Book Group: Last Days of Summer
Our next Book Club will be on Sunday, June 23, at 10:00 am. We’ll discuss Last Days of Summer, by Steve Kluger. A novel about a 12-year-old Jewish boy and a professional baseball player in New York during World War II, and the unusual friendship that develops between them. It is an epistolary novel told completely through forms of correspondence; letters, postcards, interviews with a psychiatrist, progress reports, and newspaper clippings.
Joey is a smart-alecky kid with uncanny persistence and a knack for writing letters to famous people that actually elicit replies, like his correspondence with President Roosevelt and his staff, for example. It’s no shocker, then, that when Joey figures that Charlie Banks might well be the solution to his problem with the neighborhood bullies, Charlie hardly has a chance of resisting. Soon the two are sniping back at each other in letters. It’s not long, though, until their real struggles start to work their way into the letters even if they are buried in snark, fibs, and tough guy-isms. Soon, Charlie is proving himself a worthy stand-in for Joey’s father, a philandering factory owner with no time for anybody but himself and his new wife, and Joey is calling his hot-tempered hero out on his unsportsmanlike conduct.
Last Days of Summer is, perhaps, a profoundly implausible story, but that small fact never crosses your mind while you’re reading it. Kluger gives each of his two main characters such vivid, believable voices that you can’t help coming to care about each of them quickly. Only using letters, Kluger fleshes out an entire cast of characters that include Charlie’s lounge singer girlfriend, Hazel MacKay, arch enemy of Ethel Merman; Joey’s mother and his aunt, a Jewish stereotype of sorts who’s always saying that if things go wrong “let it be on your head;” Joey’s upstairs neighbor Craig Nakamura, his partner in entrepreneurial pursuits and tracking the movements of old Mrs. Aubaugh the “German spy” with the wooden leg; Charlie’s teammate Stuke, famous for making the first unassisted triple play in 21 years; not to mention Joey’s Rabbi, a patient if humorless man who gets more than he bargained for when the distinctly un-Jewish Charlie steps in for Joey’s dad at Joey’s Bar Mitzvah.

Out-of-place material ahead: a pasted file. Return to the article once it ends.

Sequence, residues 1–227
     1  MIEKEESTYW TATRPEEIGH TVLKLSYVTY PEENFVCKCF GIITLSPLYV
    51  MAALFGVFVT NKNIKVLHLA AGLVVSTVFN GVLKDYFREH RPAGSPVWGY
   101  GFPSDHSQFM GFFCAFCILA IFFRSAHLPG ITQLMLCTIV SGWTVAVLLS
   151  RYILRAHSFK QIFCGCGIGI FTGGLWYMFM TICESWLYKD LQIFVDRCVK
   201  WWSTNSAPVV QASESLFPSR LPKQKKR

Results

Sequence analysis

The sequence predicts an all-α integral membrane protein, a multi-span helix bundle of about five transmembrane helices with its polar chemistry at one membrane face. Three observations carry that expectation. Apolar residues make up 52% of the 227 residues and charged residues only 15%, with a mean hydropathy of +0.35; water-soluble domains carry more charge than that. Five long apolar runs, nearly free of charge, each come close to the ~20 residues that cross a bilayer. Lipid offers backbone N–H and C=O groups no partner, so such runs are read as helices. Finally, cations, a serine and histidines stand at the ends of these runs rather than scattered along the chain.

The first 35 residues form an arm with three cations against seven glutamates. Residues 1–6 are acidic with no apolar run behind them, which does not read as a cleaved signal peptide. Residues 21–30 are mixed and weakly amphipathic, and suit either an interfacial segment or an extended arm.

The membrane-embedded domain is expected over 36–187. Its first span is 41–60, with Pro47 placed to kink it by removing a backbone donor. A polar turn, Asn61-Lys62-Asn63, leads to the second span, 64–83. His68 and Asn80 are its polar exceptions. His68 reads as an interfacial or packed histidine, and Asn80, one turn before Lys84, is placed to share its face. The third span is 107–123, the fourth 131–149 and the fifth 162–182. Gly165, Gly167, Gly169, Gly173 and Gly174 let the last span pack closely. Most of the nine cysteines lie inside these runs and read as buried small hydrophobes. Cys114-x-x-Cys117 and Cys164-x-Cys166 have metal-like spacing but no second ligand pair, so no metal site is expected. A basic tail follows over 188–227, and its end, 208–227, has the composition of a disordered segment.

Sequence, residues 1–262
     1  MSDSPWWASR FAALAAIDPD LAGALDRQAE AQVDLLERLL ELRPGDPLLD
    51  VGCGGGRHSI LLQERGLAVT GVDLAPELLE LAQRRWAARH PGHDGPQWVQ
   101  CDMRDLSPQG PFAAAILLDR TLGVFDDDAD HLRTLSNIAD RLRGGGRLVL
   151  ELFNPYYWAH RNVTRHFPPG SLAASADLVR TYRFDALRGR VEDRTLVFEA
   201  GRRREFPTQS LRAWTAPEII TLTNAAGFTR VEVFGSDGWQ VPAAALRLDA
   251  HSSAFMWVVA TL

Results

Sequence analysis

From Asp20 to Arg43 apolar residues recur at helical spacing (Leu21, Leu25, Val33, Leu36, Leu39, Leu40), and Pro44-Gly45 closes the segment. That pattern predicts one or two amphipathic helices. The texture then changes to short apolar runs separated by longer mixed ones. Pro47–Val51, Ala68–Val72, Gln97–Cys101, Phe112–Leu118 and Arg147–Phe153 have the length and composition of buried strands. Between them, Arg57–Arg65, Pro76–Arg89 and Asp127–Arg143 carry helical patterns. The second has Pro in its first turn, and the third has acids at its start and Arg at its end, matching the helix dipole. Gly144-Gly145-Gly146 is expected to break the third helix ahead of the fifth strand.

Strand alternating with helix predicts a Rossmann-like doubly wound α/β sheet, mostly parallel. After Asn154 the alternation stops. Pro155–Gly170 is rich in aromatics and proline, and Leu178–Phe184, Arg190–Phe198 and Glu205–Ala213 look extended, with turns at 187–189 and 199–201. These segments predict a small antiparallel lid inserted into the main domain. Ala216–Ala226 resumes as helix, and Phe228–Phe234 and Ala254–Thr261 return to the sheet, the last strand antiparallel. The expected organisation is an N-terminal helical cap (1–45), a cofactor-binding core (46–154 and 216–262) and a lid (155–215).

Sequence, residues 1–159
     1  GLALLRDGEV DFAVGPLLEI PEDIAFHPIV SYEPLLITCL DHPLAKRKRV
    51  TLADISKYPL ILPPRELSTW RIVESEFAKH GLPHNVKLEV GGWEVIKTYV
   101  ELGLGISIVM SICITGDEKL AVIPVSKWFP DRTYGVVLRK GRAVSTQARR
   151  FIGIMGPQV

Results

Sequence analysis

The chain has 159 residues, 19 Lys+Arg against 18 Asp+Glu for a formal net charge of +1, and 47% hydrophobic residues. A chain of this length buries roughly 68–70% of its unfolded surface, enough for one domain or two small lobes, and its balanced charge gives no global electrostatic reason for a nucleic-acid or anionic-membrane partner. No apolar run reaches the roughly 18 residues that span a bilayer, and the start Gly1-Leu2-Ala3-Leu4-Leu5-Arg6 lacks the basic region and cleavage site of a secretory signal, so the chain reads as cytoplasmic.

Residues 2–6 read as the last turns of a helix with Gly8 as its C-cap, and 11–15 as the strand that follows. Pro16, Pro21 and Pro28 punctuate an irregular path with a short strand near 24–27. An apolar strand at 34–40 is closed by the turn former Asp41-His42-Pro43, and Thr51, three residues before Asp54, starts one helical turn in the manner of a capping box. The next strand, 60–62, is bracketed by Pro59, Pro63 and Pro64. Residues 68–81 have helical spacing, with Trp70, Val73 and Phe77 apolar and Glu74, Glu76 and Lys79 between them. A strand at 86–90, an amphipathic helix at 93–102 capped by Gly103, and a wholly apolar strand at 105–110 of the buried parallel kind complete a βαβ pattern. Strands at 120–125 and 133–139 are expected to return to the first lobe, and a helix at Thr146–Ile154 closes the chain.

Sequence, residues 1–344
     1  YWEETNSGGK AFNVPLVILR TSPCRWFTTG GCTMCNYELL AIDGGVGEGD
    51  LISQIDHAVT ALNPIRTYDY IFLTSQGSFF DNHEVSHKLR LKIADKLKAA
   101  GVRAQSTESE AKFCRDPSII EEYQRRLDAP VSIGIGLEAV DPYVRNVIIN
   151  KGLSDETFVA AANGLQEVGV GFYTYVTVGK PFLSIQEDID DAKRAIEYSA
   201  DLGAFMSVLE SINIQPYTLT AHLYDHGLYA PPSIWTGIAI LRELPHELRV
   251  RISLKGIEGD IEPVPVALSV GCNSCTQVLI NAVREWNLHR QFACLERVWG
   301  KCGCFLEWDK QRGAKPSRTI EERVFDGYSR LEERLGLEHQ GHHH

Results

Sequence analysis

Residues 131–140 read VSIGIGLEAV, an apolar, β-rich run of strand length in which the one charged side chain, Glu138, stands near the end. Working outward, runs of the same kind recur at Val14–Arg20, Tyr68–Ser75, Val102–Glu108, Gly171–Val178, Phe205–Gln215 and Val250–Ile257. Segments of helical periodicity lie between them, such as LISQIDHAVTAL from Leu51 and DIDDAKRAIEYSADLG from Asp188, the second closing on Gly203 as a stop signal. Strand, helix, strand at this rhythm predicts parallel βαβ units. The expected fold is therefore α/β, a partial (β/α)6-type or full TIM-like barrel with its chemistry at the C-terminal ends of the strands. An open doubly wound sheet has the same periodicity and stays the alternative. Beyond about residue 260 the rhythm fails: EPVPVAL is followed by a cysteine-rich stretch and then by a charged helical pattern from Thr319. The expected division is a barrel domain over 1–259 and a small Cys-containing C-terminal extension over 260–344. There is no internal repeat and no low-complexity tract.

Kluger is a novelist and playwright who grew up during the Sixties with only two heroes: Tom Seaver and Ethel Merman. Few were able to grasp the concept. A veteran of “Casablanca” and a graduate of “The Graduate,” he has written extensively on subjects as far-ranging as World War II, rock and roll, and the Titanic, and as close to the heart as baseball and the Boston Red Sox (which frequently have nothing to do with one another). Doubtless due to the fact that he’s a card-carrying Baby Boomer whose entire existence was shaped by the lyrics to “Abbey Road,” “Workingman’s Dead,” and “Annie Get Your Gun” (his first spoken words, in fact, were actually stolen from “The Pajama Game”), he’s also forged a somewhat singular path as a civil rights advocate, campaigning for a “Save Fenway Park” initiative (which qualifies as a civil right if you’re a Red Sox fan), counseling gay teenagers, and–on behalf of Japanese American internment redress–lobbying the Department of the Interior to restore the baseball diamond at the Manzanar National Historic Site. Meanwhile, he’s donated half of his spare time to organizations such as Lambda Legal, GLSEN, and Models of Pride, and gives the rest of it to his nephews and nieces: Emily, Noah, Bridgette, Audrey, Elisa, Paloma, Logan, Evan, and Robbie–the nine kids who own his heart. He lives in Boston, Massachusetts–the only city in the world.